SA will have a fee-based, not 'free' education in 2018 – Universities SA

Pretoria – South Africa will still have a fee-based tertiary education system after government implements its new funding scheme, Universities South Africa (USAF) said.

Speaking to News24, USAF CEO Ahmed Bawa explained the practicalities around how "free education" would be implemented following a meeting with the Department of Higher Education and Training on Monday.

Representatives from the country's 26 universities were all present at the meeting, held at the department's Pretoria offices. 

"Each university will still set its own fees, to be approved by the institution's council, which will then be paid by bursaries funded by the Department of Higher Education," Bawa explained. 

"Unlike the previous NSFAS (National Student Financial Aid Scheme) loans scheme, the department's bursaries will not be capped and will hence be differential to each university."

Bawa said the higher education department would provide further details on its new funding scheme during the course of the week.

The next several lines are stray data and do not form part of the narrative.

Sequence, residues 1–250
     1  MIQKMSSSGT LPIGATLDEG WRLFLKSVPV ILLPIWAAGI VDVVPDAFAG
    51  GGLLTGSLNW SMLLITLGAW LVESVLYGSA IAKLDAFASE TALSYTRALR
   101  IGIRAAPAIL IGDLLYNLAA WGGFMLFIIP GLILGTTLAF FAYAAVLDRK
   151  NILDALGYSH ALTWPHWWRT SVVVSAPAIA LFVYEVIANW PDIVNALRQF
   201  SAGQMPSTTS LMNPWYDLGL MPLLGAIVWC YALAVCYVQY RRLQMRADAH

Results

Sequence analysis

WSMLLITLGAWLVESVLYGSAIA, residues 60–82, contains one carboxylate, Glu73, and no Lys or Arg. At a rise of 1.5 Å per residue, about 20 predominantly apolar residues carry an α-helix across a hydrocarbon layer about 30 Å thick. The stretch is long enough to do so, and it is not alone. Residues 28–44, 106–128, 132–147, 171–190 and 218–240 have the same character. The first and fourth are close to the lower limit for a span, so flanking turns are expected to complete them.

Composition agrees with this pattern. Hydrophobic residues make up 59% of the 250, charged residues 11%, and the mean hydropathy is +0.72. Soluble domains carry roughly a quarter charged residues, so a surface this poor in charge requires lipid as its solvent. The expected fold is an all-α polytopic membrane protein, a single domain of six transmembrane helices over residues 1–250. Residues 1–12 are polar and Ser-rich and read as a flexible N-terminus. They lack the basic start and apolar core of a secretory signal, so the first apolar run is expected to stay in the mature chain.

The department was not immediately available for comment. 

'Areas of concern'

Asked whether the new scheme would incentivise universities to charge exorbitant fees, Bawa said the department had announced plans to introduce a fees framework to cap future fee increases. 

He also said the Economic Freedom Fighters' Student Command's threats of walk-in registrations had also been discussed at the meeting. 

"USAF supports the call to help students further their studies – everyone does – but we urge that students do not resort to violence."

Students can register on the Department of Higher Education and Training's website for possible university placement if they did not register in 2017. 

Bawa said while universities "have a better idea" of how the government's fee plan would be implemented, "several areas of concern have been raised". 

"There's certainly a sense among all the universities and vice-chancellors to make it work."

President Jacob Zuma announced "free education" for first years from households with a combined annual income of up to R350 000 in December – hours before the start of the ANC's elective conference.

This will be phased over a five-year period and excludes post graduate students. 

At the time, National Treasury said details of how "free education" would be funded would be provided in Finance Minister Malusi Gigaba's budget speech in February.